Most Galvestonians are familiar with the story of Dr. Isaac Cline,
the meteorologist who headed the Island’s
weather office during the 1900 Storm. As famous as that chapter of this life
was, few know what became of him afterward.
Prior to arriving in Galveston, Cline had already established a reputation as a
gifted forecaster, even founding the Abilene
weather station in October 1885. In March of 1889, he and his wife and children
moved to Galveston,
a city to which his name would forever be linked. One month later, he
successfully predicted the rupture of the Colorado River dam in Austin, saving countless
His skills were not
infallible, however. A delay in grasping the imminent danger posed by the
September 1900 hurricane resulted in failure to receive cooperation from the
central Weather Bureau office in Washington D. C. to declare a state of
emergency to the public. In desperation and against instruction from his
superiors, Cline rode along the beach and lower elevations in a buggy to warn
residents to move to higher ground before returning to his own home and family.
Unfortunately many did not heed his warnings, because the weather in the hours
previous to the storm had been especially beautiful.
Storm waters rose in
Cline’s home, like so many others across the Island,
but although he and his brother were able to heroically save his children,
Cline’s pregnant wife was killed by falling debris. She is buried in Galveston’s Lakeview
The National Weather
Bureau went through major changes after the turn of the 20th
century, establishing the first regional weather forecast centers outside of
the headquarters in Washington,
D.C. A San
Francisco center was charged with forecasting for the Pacific Coast,
and a Chicago location for the Great Lakes and
the Midwest. The final addition was in charge
of the Gulf Coast,
initially comprised of Texas and Oklahoma but soon expanded to include Louisiana,
Alabama and Northern
Isaac Cline was selected
to head this last station which was originally located in Galveston. The new position raised his annual
salary from $200 to $2000.
Under pressure from Louisiana officials, Weather Bureau Chief Willis L. Moore
quietly transferred the office to New
Orleans. Had publicity been allowed prior to the move,
the powerful Texas
congressional delegation at the time would most likely have moved to stop it.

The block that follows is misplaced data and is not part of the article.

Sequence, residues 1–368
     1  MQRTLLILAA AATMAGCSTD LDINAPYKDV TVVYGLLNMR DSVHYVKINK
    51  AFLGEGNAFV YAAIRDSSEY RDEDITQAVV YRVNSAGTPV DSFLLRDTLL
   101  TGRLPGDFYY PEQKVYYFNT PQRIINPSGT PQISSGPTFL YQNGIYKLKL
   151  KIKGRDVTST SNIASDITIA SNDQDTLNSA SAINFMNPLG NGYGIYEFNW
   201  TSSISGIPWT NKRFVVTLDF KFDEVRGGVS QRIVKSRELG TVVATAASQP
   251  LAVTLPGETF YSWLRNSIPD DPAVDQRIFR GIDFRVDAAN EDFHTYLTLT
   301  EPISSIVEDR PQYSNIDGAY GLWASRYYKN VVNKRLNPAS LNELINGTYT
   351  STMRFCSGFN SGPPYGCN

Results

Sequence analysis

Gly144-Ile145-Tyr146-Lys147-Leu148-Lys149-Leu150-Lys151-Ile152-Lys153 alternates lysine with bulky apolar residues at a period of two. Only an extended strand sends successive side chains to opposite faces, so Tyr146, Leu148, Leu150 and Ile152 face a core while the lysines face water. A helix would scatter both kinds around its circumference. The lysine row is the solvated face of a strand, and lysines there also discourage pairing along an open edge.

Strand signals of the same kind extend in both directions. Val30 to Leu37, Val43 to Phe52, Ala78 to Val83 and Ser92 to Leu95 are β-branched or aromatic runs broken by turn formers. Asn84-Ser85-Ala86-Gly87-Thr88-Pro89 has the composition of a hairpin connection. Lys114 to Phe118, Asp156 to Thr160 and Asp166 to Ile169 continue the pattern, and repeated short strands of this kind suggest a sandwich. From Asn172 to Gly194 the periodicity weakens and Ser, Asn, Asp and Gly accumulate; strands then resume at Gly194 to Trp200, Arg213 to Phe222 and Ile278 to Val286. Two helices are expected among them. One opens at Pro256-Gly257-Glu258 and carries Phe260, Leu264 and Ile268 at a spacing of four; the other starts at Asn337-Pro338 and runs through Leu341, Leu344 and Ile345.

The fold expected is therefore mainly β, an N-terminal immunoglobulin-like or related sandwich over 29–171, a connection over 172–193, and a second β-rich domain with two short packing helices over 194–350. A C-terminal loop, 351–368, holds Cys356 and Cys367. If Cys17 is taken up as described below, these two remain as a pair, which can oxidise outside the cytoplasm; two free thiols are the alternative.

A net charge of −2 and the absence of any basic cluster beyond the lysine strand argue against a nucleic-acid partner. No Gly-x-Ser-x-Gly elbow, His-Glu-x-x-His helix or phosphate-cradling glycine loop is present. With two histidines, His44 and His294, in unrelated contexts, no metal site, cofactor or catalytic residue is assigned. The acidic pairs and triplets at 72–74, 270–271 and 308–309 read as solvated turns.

Many people, Cline included, felt that his transfer to New
Orleans was a punishment for independent actions during the Galveston hurricane and because Moore felt his position as bureau chief was
threatened by Cline’s forecasting abilities.
In early August 1901,
Cline and his three daughters Rosemary, Allie, and Esther moved to the Crescent City, where he would serve as district
forecaster and eventually the principal meteorologist. One year later, he
married Margaret C. Hayes, and he and his daughters moved into her home on Prytania Street.
Luckily for Louisiana, Cline brought an expertise in flood
forecasting to New Orleans.
As soon as he arrived in the city, he established a study of flood causes and
conditions to create a baseline to more accurately identify circumstances that
would cause such disasters.
In February 1903, his
studies were put to the test when heavy rains foretold dangerous conditions on
the Mississippi River. On March 9, without
permission of the bureau chief, Cline issued warnings of an impending record
flood stage of 21 feet in New Orleans
during the following three to four weeks, and encouraged the construction of a
temporary levee extension.
He was ordered by
superiors to lift the warnings but refused, responding, “Is it not better to
warn people of approaching disaster sufficiently in advance to enable them to
prepare to meet it than to let them be caught unprepared?”
Cline’s decision saved
lives. Flood waters rose to 20.7 feet, a height other experts had denied were
possible, and the levee broke. The disaster would surely have been worse
without Cline’s warnings, and the public celebrated him.
conveniently failed to mention this fact in damage reports after the event.
Instead, they planned to remove Cline from his position to save embarrassment
on their part. Nine months later, Cline received an official communication that
his forecasts were not up to acceptable standards and as a result, he was being
transferred to Honolulu.
Only the intervention of the Louisiana
congressional delegation saved him from the transfer.
In March 1913, Bureau
Chief Moore resigned under pressure and was replaced.
Among Cline’s most
successful forecasts was that of an approaching hurricane in 1915. This
particular storm possessed the highest wind velocities yet measured on the Gulf Coast:
140 miles per hour. Nearly every building in New Orleans sustained damage, but
surprisingly, only 279 lives were lost, many of those at sea, thanks to the
Bureau's storm warnings.
After the storm, the New
Orleans Times-Picayune commented, "The intensity of the
storm...proved the worthiness of Dr. I.M. Cline...Never before, perhaps in the